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Wednesday, January 30, 2013

Time to Click: Last thoughts

As I close this series, I truly hope I have inspired, and taught each of you something that you didn't know before.
I have said it many time and I will tell you again in case you have missed it... I am an "explainer." That's my job. That's a passion. I LOVE to share my knowlage and give you the "why" not just tell you this is how you should do something... or tell you what a button does... but to paint you a picture of WHY you might want to use it!

This month was FULL of technical explanations, and loads of information... mostly so we have a place to build on together. I am focused and committed to expanding your photography world. I hope you will continue to be a part of the discussion and let me know what helped you, where you are still struggling... or even submit your images for review, and help! I LOVE doing that!

Now... I used to play a game with my class at the end of our basic photography series - So I thought I would do the same for you. Below are 5 images. Comment below, or send me an email (vertephoto at gmail dot com) 

Include: The name of the composition used (or compositions if more then one), and what type of mode (aperture, shutter speed, or scene mode) was most likely used. From the entries I will draw names and I will send you a surprise! Who doesn't like a surprise?

Here are the images: note: Not all of these are my images... some are simply awesome!







Good Luck!

Tuesday, January 29, 2013

Time to Click: Outdoor Family Photography

It's the last week in our special "Time to Click" series and we will be talking about putting together all that great information I have shared!

Today, lets talk Family Photos! Everyone does them, right? So let's take some of tips and put it all together: what do you need, and how do you get the best Family Photos? Here are my top 5 tips for great outdoor family photos!

1. Use your flash. We talked a lot about controlling your light. Using your flash outside helps fill in shadows and create an evenly exposed image.

2. Clean up the Background: Use a Portrait Scene Mode, or control your Aperture to blur your background.  You would never know there are people, and a sidewalk, with fence behind this little darlings head... 

3. Think about your focus area. Every camera can control the area of focus, either by the AF selection key, or by centering your lens on the subject, pushing the shutter halfway down to focus, then without letting your finger up, reposition your frame to control the composition (framing) of your image.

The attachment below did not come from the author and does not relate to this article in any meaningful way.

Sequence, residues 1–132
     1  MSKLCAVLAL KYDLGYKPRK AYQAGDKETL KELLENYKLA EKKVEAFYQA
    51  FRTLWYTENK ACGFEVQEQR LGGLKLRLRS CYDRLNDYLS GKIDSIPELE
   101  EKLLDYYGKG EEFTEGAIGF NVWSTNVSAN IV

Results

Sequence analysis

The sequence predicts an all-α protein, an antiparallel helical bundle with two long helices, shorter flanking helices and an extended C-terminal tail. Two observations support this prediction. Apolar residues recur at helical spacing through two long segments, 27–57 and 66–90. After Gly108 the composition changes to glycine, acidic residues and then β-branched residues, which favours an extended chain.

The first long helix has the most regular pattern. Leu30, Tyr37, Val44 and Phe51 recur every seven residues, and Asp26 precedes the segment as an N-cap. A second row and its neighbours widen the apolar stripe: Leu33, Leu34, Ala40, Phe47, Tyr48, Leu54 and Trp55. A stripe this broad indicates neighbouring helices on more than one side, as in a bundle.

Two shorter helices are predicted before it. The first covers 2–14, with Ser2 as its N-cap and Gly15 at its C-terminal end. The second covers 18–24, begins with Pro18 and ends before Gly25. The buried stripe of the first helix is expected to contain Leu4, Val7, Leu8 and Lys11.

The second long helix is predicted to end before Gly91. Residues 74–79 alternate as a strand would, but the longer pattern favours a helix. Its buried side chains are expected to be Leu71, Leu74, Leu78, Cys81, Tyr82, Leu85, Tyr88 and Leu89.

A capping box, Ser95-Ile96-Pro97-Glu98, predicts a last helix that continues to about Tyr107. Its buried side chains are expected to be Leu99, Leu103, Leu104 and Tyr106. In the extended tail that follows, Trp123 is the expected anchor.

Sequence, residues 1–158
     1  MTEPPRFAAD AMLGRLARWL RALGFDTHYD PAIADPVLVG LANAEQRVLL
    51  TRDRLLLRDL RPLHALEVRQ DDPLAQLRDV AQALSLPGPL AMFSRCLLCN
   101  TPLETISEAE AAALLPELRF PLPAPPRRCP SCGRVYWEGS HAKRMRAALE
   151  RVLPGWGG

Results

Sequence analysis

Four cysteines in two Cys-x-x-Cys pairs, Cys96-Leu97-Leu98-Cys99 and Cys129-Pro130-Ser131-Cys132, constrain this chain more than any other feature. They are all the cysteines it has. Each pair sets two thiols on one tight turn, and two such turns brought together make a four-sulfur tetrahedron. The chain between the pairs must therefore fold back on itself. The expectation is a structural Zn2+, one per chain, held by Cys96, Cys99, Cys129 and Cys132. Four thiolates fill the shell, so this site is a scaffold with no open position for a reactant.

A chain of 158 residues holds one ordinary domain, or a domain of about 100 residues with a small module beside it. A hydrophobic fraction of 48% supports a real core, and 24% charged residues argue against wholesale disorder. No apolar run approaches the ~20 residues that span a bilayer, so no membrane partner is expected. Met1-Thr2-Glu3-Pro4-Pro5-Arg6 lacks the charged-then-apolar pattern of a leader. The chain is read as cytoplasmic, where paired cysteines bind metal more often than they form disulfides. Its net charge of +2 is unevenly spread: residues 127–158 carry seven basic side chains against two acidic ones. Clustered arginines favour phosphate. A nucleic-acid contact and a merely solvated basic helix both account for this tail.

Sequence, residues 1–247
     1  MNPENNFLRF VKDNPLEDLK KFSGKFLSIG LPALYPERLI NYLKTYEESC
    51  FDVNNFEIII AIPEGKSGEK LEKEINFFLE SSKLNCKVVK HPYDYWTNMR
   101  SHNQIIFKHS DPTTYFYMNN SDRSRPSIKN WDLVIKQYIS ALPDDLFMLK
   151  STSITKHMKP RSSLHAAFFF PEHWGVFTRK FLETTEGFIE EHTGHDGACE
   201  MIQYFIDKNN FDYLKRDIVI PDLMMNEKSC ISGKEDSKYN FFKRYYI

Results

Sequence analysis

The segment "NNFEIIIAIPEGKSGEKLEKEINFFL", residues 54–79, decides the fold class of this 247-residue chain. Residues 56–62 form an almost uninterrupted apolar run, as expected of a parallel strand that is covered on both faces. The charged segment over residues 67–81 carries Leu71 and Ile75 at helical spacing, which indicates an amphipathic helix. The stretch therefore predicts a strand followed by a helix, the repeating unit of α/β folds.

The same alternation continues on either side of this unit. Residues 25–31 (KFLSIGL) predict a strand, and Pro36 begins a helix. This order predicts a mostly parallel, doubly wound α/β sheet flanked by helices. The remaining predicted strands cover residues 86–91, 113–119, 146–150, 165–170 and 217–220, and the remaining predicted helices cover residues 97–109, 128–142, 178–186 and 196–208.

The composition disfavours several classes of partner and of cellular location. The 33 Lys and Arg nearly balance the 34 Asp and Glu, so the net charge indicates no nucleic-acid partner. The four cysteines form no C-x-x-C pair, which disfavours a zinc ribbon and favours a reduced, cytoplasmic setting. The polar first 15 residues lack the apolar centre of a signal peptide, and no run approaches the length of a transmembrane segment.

4. Composition / Posing. Going right along with checking your focus area, and repositioning your frame... utilize the rule of thirds (shown above) fill 2/3s of your frame with your subject to create interest. Or, use leading lines to draw interest to your subject... or lines in your posing with larger groups (shown below)! For more composition be sure to read yesterdays post!
Use Rule of Thirds to off center images

Create "leading lines" or use available lines to lead the eye to the subject
5. Understand Light and how to manipulate it. You might think I am cheating a little because I already told you to use your flash... but think about it. If you are taking images in the "cool" light of early morning, bringing along a warm reflector for your subjects will dramatically change your images. At the same time, shooting in the evening "warm" time of day where skin tones tend to pick up the orange and yellows of sunset... using a silver, or white reflector to cool balance that light... or even a reflector to BLOCK light so the sun hits the hair but not the face (see the rule of thirds image again)... dramatic differences!

Monday, January 28, 2013

Time to Click: Composition

Did you know there are basic rules that photographers follow... it's not all technical and functional!

Composition from Wikipedia is described as:  the placement or arrangement of visual elements or ingredients in a work of art or a photograph, as distinct from the subject of a work. It can also be thought of as the organization of the elements of art according to the principles of art.
The term composition means 'putting together,' and can apply to any work of art, from music to writing to photography, that is arranged or put together using conscious thought.

So to kick off our "putting it all together" week... I thought what better place to start then the real down and dirty... core element of photography... Composition. 

There are several "rules of composition" that photographers commonly follow. Here are some of my fav's!